Defining Success For Writers

By Mark Alpert

Blogs like The Kill Zone often emphasize the obstacles that writers face. We want to offer helpful advice to fiction writers who may be struggling to start or finish a manuscript or trying to navigate the publishing process, so it makes sense to focus on the hurdles that all aspiring novelists have to confront. But I think it’s also helpful to look at the rewards that lie at the end of the race.

I’m not talking about the rewards of money or fame. For the most part, those are unrealistic expectations. The majority of published novelists earn less than the minimum wage for their fiction, once you factor in all the time they put into it. No, I’m talking about a more subtle and satisfying kind of compensation: the joy of seeing your words have a positive impact on your audience, even if you have only a handful of readers.

I got a chance to experience this joy last weekend when I went to Patchogue, N.Y., to attend an event called Authors Unlimited. It’s organized by Derek Ivie, the youth services coordinator for Suffolk County’s Cooperative Library System, and he leads a great team of librarians from all over Long Island. At this year’s event, they invited eight authors of Young Adult and middle-grade books, and I was proud to be among them (see photo above).

Hundreds of kids gathered in an auditorium on the campus of St. Joseph’s College, and a dozen student volunteers holding pom-poms lined up in front of the stage. Derek introduced the authors in grand fashion: as he announced each name, the honoree dashed down the aisle to the front of the auditorium, like a football player rushing onto the field. At the same time, the student volunteers waved their pom-poms like cheerleaders, and the loudspeakers blared a snatch of music that was relevant to that particular author’s books. (I think they played something spacey or otherworldly when I ran to the stage, but I was so full of adrenalin at the time that I didn’t recognize it.)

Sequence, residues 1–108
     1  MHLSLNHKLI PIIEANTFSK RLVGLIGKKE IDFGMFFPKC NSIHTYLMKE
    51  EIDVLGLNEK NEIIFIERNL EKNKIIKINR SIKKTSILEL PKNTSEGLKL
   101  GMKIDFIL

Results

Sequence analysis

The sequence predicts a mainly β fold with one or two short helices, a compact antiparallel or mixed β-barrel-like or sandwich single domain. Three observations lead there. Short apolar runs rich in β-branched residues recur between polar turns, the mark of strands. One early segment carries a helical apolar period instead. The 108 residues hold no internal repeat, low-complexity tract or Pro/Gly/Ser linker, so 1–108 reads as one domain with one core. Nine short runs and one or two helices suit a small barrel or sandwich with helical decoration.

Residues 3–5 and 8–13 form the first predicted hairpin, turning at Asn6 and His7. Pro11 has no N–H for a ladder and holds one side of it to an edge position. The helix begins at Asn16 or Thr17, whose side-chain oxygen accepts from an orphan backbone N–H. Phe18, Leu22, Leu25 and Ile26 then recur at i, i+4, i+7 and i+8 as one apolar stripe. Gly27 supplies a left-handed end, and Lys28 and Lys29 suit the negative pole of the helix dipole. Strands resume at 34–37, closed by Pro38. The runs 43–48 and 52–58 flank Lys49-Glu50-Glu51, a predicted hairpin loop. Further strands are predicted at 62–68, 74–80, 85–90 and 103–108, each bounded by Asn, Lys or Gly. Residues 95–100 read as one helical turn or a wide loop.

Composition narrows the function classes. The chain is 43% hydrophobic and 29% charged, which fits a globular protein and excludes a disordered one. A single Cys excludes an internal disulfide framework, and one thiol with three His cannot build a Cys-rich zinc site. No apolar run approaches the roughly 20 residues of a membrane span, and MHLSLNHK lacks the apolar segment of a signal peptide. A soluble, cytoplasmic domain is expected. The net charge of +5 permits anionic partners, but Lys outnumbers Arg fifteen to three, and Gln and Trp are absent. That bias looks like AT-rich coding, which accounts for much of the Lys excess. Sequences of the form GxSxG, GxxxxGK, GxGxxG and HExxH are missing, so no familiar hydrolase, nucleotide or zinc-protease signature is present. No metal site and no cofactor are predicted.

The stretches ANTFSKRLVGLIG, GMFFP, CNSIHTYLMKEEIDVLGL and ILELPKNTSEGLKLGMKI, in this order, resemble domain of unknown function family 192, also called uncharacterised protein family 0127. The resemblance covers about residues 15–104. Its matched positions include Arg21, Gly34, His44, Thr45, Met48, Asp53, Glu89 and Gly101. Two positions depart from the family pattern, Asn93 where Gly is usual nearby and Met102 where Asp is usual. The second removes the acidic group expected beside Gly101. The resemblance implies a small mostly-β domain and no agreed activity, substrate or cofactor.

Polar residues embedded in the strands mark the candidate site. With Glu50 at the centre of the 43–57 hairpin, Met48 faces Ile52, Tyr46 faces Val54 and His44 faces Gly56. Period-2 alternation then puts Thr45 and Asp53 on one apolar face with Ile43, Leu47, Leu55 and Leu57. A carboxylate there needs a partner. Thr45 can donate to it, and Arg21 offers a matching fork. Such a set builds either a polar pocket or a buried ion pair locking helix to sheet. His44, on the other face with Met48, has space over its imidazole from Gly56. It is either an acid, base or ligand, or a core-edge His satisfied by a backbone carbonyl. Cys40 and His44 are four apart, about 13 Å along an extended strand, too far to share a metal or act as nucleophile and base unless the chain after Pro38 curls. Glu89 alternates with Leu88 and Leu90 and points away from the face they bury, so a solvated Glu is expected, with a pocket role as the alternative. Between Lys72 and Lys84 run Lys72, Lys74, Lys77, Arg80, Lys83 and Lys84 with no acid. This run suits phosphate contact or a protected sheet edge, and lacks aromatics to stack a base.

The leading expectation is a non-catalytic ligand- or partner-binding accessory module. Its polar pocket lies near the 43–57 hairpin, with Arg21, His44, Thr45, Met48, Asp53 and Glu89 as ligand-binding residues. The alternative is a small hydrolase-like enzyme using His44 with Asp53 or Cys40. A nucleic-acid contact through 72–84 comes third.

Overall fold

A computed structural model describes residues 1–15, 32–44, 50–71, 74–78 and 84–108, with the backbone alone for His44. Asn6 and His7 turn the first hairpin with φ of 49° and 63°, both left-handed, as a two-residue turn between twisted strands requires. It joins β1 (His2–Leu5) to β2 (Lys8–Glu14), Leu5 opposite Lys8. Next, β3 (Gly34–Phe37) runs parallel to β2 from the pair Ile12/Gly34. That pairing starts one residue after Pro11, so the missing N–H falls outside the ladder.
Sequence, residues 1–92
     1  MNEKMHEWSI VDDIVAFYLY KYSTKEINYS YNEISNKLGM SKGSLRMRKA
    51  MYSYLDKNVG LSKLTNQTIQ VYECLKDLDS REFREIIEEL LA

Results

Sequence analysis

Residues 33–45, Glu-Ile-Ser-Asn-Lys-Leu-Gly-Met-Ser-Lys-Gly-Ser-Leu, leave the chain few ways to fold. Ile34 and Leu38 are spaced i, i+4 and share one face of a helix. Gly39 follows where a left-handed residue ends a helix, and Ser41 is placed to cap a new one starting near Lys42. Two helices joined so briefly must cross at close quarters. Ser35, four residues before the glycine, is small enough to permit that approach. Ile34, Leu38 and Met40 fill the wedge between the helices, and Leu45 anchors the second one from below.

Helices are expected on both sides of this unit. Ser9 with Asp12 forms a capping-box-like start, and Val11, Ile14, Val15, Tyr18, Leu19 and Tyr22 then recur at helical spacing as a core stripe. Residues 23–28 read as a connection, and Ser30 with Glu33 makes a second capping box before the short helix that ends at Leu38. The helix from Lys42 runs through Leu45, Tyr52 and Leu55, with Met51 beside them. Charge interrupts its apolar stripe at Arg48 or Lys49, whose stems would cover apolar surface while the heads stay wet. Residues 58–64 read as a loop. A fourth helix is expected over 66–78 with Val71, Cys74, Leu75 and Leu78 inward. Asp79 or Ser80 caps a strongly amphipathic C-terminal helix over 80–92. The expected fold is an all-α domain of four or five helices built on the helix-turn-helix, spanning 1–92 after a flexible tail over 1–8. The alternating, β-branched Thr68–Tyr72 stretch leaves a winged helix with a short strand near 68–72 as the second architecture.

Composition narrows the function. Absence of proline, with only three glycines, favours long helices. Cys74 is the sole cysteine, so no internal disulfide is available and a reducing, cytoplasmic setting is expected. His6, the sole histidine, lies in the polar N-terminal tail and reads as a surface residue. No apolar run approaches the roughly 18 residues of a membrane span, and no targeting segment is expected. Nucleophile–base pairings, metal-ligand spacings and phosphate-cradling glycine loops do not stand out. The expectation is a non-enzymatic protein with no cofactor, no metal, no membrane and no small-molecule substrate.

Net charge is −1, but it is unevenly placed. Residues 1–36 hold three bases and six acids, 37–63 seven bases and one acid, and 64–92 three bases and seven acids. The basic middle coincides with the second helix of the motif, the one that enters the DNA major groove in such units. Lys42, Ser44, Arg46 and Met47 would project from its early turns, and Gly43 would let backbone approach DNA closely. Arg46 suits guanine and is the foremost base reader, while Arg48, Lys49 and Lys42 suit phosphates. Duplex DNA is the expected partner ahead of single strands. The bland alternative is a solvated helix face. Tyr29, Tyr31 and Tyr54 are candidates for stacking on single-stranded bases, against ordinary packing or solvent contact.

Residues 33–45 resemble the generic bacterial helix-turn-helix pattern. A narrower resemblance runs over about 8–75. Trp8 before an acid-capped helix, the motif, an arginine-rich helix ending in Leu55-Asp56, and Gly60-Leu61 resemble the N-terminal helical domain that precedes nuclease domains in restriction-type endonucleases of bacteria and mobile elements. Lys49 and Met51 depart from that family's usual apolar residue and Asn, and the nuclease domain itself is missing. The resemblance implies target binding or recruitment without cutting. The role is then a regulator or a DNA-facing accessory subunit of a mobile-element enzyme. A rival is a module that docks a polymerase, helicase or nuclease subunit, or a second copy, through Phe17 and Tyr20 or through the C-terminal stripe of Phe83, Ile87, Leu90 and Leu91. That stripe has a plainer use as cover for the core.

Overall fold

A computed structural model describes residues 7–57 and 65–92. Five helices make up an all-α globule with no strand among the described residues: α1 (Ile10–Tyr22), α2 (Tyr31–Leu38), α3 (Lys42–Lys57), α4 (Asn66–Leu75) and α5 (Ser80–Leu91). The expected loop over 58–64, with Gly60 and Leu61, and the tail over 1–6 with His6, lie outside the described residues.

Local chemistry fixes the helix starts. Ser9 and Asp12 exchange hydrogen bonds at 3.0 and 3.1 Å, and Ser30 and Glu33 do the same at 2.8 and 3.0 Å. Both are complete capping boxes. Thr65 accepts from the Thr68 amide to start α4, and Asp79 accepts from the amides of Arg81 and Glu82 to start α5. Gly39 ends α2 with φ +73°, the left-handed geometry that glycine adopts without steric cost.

All this hoopla might seem a little ridiculous, but I think it sent a powerful message to the kids: that books should be important to their lives, and that the creators of those books deserve the same kind of admiration that most people give only to sports heroes. And I could tell that the students were receiving this message loud and clear. They crowded into the question-and-answer sessions at the Authors Unlimited event and purchased an extraordinary number of books from their limited amount of spending money.

The impact of this message was probably strongest on the student volunteers. They were selected in a rigorous process that even required a letter of recommendation, and as a result they took their responsibilities very seriously. The volunteer assigned to help me — he directed me to the rooms where the question-and-answer sessions were held — was somewhat awed by his selection; he said something like, “I can’t believe that both my sister and me were picked.” This kind of realization can have an enormous impact on a kid; in fact, seeing yourself in a new, positive light can change the course of your life.